To sum up, China is a country which can be as expensive or as cheap as you make it.

There are numerous options for low-budget travel, which give you an opportunity not only to see a lot and have fun but also to save up money for your further expeditions.

Eat cheap, travel off the path by trains and do some teaching in between and you might leave China with more money than you came with!

Do you have any tips to travel China on a Budget?

For more information and photos from China, you can go to ETramping and follow Agness and Cez on their journey around the world for less than $25 a day.

how to travel china on a budget

Read more about travel to China:

Author Bio:

headshot of Travel Blogger

Agness is a Polish vagabond who, after graduating in 2011, left her comfort zone setting off for a journey of a lifetime to China.

She has been constantly travelling the world since then (slowly, but surely as she says), living like a local for less than $25 a day.

She has become passionate about photography and adventure blogger, sharing her enthusiasm for life as well as her travel experiences. Follow Agness on her Website ETramping Twitter at @Agnesstramp and Facebook. 

Travel Planning Resources

Looking to book your next trip? Why not use these resources that are tried and tested by yours truly.

Book Your Flights: Start planning your trip by finding the best flight deals on Skyscanner. We have used them for years and have found that they have the best flight deals.

Book your Hotel: Find the best prices on hotels with these two providers. If you are located in Europe use Booking.com and if you are anywhere else use TripAdvisor.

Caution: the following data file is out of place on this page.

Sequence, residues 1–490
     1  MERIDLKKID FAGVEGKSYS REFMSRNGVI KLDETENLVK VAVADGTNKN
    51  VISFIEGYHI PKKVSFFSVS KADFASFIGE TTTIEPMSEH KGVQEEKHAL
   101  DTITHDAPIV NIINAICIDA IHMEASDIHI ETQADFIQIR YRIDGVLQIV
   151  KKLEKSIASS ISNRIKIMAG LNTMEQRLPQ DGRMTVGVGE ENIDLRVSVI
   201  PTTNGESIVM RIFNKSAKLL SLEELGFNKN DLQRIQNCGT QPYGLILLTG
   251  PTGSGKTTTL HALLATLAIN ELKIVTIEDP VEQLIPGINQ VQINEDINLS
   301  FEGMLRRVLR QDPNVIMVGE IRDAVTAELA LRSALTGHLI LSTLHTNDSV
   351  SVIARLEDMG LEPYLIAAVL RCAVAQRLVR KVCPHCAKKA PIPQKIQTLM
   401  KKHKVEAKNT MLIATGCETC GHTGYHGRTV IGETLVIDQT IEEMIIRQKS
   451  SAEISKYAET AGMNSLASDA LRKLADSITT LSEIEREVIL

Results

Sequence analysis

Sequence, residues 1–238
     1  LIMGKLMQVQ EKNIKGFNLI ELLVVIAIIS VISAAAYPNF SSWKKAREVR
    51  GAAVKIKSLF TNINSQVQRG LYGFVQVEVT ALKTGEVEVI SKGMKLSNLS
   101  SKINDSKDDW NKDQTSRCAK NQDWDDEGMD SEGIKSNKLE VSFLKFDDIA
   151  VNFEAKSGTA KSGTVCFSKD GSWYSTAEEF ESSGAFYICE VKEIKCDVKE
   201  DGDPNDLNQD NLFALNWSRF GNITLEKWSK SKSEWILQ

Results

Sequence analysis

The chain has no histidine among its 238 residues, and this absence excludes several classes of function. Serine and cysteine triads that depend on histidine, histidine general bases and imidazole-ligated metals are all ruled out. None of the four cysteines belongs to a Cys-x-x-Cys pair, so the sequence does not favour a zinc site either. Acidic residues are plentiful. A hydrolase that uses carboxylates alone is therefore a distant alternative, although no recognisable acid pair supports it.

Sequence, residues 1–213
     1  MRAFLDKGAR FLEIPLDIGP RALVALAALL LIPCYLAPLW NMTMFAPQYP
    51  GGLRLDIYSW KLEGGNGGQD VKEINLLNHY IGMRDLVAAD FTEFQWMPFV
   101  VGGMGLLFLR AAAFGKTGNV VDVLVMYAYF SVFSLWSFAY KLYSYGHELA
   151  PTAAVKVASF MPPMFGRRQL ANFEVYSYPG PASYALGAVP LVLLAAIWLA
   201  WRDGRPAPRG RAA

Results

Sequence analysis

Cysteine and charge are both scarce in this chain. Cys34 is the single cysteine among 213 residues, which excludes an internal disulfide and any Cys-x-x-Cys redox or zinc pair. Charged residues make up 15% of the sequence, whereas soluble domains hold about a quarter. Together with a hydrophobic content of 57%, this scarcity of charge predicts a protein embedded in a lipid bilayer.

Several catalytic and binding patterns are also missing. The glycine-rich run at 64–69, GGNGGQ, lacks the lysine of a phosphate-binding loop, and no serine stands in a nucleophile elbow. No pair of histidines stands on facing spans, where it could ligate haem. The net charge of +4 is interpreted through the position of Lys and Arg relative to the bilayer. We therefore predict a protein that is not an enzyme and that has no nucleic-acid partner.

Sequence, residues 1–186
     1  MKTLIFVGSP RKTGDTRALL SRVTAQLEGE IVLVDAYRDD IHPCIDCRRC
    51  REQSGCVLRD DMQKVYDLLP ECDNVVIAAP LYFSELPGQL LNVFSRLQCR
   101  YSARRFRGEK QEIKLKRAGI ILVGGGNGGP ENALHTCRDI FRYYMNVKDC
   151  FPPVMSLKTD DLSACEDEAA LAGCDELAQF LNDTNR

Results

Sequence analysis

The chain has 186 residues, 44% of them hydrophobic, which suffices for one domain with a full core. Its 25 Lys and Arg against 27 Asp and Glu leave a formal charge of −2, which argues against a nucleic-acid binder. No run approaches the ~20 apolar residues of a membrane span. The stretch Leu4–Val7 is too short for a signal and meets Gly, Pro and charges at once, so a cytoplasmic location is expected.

Find Apartment Rentals: You will find the cheapest prices on apartment rentals with VRBO.ย 

Travel Insurance: Don't leave home without it. Here is what we recommend:

  • Safety Wing - Occasional Travelers.
  • Medjet - Global air medical transport and travel security.

Book Your Activities: Looking for walking tours, skip-the-line tickets, private guides, and more? Then we recommend Get Your Guide.

Need more help planning your trip? Make sure to check out our Resources Page where we highlight all the great companies that we trust when we are traveling.

About The Planet D

Dave Bouskill and Debra Corbeil are the owners and founders of The Planet D. After traveling to 115 countries, on all 7 continents over the past 13 years they have become one of the foremost experts in travel. Being recognized as top travel bloggers and influencers by the likes of Forbes Magazine, the Society of American Travel Writers and USA Today has allowed them to become leaders in their field.

Leave a Comment

32 thoughts on “5 tips on travelling in China on a Budget”

  1. Hello, I will be traveling China for 15 days. I would like to visit Beijing, Huangshan, Guilin and Zhangjiajie. Can you help me how to go around China with a budget. I want to see the natures. No shopping. I will stay in a hostels.

  2. Great post on budget China tour. China overflows with beautiful places to visit. Its charming riverside towns, Epic statues and buildings attractions for tourist. There are some ways to reduce the cost for china tour: Join a group tour to save money, choose cheaper guest houses and hotels etc.

  3. china is very beautiful country.i am planning to travel in china to know about its culture,people etc. but money was my main concern. i read this article it is very useful for saving money during travel time.thanks for sharing. It would be very helpful for me.